the official drink of the Harvard Din & Tonics
Our Nations oldest soda is Vernors Ginger Ale, and it was created over 130 years ago. Many of todays soft drinks take an understandable pride in their histories, but they all must bow to Vernors.
In 1858, a 15-year old boy, named James Vernor, started working at Higby and Sterns' Drug Store as an errand boy. He was obviously a pretty sharp young man as he quickly worked his way up to Junior Clerk, and would eventually go on to help pass the state's first pharmacy law and would also sit on the State Board of Pharmacy for eight years.
A golden colored ginger ale was being imported from Belfast, Ireland and was becoming quite popular throughout the United States (ginger ale would be the nations most popular soft drink for about seventy years). A nineteen-year-old James Vernor began experimenting with his own ginger ale recipe. However, like many young men his age, during 1862 in Detroit, he put his plans on hold and enlisted as a Union soldier with the Fourth Michigan Cavalry. Before leaving for war though, James placed his experimental ginger ale extract into an old oak cask. At the end of the Civil War, James would return home and open a drug store of his own at 235 Woodward. Another thing that James opened was that old oak cask. To his surprise, the four years of aging blended a select group of secret ingredients to perfection.
Mr. Vernor would offer his ginger ale to his drug stores soda fountain patrons for the next thirty years (all good drug stores had a soda fountain). However, Vernors Ginger Ale was not an overnight success (at least not on a large scale). In fact, it would not be until 1896 that enough business was being generated from the sale of ginger ale that Mr. Vernor was able to close his drug store. Mr. Vernor opened a small plant at the foot of Woodward Avenue just a few doors down from his old drug store. It was here that Mr. Vernor, along with his nineteen-year-old son, James Vernor II, (the companies only employee) blended, aged, bottled, and distributed Vernors Ginger Ale. You may have noticed that I said "aged" that is because Vernors Ginger Ale extract was still aged in oak cask for four years before it was ever used to produce the soft drink. This process of aging in oak would continue until at least the 1980s, and for all I know the current bottlers may still be aging the extract.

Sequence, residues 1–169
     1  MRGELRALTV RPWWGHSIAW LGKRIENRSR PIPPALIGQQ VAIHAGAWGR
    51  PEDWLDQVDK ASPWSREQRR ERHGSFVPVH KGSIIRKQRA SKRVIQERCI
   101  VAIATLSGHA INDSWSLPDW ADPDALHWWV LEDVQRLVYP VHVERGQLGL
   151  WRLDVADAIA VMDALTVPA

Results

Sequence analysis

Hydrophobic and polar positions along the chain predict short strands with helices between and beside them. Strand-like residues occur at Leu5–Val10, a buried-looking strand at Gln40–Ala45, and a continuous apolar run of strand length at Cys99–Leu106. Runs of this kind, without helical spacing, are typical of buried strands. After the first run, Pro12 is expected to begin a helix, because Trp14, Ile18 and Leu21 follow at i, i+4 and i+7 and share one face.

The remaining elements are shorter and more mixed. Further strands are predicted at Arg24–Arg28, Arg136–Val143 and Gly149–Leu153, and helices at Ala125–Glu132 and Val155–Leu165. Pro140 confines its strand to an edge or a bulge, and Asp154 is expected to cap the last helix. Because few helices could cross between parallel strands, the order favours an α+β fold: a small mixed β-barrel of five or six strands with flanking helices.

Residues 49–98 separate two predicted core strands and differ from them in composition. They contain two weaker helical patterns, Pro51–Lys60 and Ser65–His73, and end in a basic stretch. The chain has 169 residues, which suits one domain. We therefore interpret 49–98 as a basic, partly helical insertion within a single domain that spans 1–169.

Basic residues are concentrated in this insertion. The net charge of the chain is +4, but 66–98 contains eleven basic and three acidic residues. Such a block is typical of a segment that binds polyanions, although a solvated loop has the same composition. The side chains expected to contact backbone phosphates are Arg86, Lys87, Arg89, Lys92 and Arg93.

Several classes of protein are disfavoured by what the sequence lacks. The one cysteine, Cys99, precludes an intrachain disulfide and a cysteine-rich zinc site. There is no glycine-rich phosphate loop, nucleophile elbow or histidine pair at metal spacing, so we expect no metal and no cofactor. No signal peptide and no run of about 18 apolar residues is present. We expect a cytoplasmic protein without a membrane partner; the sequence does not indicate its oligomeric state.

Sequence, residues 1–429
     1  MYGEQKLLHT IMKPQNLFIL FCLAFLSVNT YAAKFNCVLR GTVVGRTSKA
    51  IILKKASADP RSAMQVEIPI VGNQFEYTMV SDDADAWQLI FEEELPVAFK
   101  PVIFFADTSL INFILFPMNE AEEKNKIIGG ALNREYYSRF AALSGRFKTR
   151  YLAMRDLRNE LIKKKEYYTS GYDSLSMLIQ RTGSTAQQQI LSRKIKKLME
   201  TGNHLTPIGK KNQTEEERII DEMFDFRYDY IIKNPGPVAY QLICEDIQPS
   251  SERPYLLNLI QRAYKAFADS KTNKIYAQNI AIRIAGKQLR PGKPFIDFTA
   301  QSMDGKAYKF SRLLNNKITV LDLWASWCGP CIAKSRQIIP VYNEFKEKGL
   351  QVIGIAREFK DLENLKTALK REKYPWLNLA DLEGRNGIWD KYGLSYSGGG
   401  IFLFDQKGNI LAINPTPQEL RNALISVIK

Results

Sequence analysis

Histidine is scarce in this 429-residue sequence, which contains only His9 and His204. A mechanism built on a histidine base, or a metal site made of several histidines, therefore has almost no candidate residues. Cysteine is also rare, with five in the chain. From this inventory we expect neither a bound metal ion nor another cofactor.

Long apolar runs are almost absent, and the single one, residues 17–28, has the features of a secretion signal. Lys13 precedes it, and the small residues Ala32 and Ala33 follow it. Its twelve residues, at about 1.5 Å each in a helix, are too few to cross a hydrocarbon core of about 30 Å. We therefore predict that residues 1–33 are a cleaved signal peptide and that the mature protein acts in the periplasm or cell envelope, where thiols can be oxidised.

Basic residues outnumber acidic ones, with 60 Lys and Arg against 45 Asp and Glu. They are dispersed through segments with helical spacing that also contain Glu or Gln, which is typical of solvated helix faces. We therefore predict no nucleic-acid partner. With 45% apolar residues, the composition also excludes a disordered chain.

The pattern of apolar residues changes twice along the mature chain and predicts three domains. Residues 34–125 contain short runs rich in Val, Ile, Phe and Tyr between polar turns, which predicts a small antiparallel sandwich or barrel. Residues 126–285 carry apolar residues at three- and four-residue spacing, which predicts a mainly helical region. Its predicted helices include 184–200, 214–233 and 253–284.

Over the next few decades Vernors Ginger Ale would grow by leaps and bounds. It would become the ginger ale that all other ginger ales were judged. Most bottlers had some type of specialty product that differentiated them from their competitors (like Cherry Nip, or Dr. Flints Julep), but they all went head to head with their ginger ales. For Vernors to dominate the market the way that he did was a huge (and I mean HUGE) deal. James Vernor became synonymous with ginger ale, and in fact, a publisher of a soda fountain formulary guide even included a ginger ale formula in his guide that used Mr. Vernor's extract. Until a little after 1920 ginger ale had been our nations most popular style of soda. What happened? How did ginger ale lose its popularity?
Prohibition killed golden ginger ale. In the 1920s Americans were visiting illegal speakeasies in droves, and the cocktail was at the height of fashion. Many soft drinks were used as a mix with alcohol, and there was even one specifically made to mix with alcohol. It was called "dry" ginger ale (colorless, almost tasteless, and less sweet than golden ginger ale). During prohibition, dry ginger ale became immensely popular. However, golden ginger ale quickly fell off in popularity, as all forms of ginger ale would become associated with liquor in the non-drinking publics mind.
Vernor's was one of the few golden ginger ales to survive. While other golden ginger ales where losing sales in dramatic numbers, Vernors was growing by leaps and bounds and even started selling their extract to other bottlers. In 1929 the eldest Vernor would pass away at the age of 84. His son would then run the company until 1952 when he retired, at which point Mr. Vernors nephew, J. Vernor Davis, was appointed president. (James Vernor II did have a son, James Vernor III, and even a grandson named James Vernor, and I dont know why they were passed over for the presidency Vernor III was made vice president.) James Vernor II died shortly after he retired.
J. Vernor Davis did an excellent job in running the company, bringing in huge sales. Enough to attract a group of investors who in 1966 purchased Vernors. However, without family running the company, it did not fair as well. Vernors was sold to American Consumer Products in 1971, then to United Brands in 1979 who ended bottling operations at the Detroit plant in 1985. In 1987 they would sell Vernors to A & W Brands. A & W itself was bought by Dr Pepper/Cadbury in 1993, and in 1996, Dr Pepper merged with 7Up. If you want to taste Ginger Ale the way it was meant to taste then do whatever you can to locate an sample Vernor's Ginger Ale (distribution is only in limited areas).
Information on Ginger Ale courtesy of www.sodafountain.com
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